The progress of the Welsh Tories is apparently being held up as an example to the rest of the party. ‘Look what they’ve achieved in Wales’, the argument runs- 'surely the rest of us can learn from that?' But it goes no further than that.
The support of the central party for Bourne's stance on Wales is at best lukewarm. Given several opportunities to say that he supports his party's leader in Wales, Cameron has studiously failed either to back him, or to slap down those who take the opposite view, such as David Davies. I think we can take it that Bourne's views are just that - his own. Tolerated as long as it helps to win a few seats in the Assembly, but never to become party policy. Come the parliamentary election, we can expect the Tory party in Wales to revert to its usual form.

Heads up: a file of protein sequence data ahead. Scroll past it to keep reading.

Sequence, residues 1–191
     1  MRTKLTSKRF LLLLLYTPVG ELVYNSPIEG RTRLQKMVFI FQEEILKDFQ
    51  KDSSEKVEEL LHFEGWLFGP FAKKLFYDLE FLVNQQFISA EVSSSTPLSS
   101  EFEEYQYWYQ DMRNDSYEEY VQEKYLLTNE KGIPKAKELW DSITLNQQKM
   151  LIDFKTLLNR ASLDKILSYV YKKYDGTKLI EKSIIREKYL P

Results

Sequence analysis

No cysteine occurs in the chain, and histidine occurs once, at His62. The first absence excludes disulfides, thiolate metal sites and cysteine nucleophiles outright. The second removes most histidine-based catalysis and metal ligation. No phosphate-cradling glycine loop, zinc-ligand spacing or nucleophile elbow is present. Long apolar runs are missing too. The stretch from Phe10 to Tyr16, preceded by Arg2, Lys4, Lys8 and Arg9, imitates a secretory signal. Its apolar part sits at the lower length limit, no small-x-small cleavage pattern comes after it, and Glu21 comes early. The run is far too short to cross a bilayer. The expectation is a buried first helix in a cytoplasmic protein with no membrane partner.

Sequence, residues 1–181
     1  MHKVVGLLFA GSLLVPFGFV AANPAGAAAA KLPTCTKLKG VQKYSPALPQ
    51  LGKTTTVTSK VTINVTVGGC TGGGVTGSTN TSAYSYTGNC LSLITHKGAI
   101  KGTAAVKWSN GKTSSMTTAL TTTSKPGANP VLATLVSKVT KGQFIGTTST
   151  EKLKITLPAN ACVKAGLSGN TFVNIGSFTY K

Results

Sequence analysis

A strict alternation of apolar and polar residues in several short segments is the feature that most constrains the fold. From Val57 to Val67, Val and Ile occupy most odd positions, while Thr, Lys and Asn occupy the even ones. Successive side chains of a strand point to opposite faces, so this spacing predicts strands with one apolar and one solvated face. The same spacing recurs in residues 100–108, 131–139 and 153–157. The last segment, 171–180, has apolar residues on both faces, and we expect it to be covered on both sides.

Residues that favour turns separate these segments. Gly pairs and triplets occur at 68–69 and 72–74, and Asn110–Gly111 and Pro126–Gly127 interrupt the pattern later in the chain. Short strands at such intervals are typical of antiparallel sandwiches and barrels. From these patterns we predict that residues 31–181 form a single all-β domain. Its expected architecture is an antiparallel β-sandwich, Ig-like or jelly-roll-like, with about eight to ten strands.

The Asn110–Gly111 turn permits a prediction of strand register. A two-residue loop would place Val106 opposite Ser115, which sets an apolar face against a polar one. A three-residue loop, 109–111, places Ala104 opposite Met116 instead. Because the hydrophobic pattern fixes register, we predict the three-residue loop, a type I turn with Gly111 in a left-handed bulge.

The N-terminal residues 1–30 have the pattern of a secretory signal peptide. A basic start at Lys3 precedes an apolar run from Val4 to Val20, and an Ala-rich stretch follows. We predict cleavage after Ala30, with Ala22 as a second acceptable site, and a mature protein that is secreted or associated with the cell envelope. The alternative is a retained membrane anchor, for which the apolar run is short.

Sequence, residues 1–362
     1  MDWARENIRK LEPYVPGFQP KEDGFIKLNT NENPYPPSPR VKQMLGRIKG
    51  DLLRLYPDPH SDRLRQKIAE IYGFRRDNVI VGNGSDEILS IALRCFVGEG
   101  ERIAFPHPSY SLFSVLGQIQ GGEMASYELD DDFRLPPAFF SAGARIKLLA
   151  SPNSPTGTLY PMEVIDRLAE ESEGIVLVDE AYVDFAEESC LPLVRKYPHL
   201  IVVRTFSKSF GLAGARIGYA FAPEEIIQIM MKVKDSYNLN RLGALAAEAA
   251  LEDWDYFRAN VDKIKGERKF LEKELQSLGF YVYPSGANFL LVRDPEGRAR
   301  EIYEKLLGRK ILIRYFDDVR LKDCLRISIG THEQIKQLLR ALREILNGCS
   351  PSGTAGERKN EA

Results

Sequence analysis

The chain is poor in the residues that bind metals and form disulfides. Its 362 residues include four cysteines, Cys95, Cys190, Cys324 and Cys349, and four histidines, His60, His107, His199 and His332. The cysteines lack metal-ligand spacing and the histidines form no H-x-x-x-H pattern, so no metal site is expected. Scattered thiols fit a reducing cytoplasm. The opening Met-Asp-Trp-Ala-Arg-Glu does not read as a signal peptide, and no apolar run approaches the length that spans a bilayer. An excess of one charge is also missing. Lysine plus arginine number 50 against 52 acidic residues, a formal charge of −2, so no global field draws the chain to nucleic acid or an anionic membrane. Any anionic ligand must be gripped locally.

According to the Western Mail, 10 of the party’s group in the Assembly are 'broadly' in favour of his pro-devolution stance; but ‘broadly’ seems to leave considerable room for doubt as to the extent of their enthusiasm. Coupled with a lack of outstanding talent in the Assembly group, it's probably enough to leave Bourne unchallenged as leader for the time being, but the conspicuous lack of support from the English party will hardly be giving him confidence for the long term. And whether the Welsh Tories' position in the Assembly would survive a change of leadership must remain an open question.
In the meantime, as Ordovicius points out, it looks as though they want to fight their parliamentary campaign on the basis of an irrelevance, which comes, in their own words, no higher than 1002nd in the list of matters of importance, even to rural communities.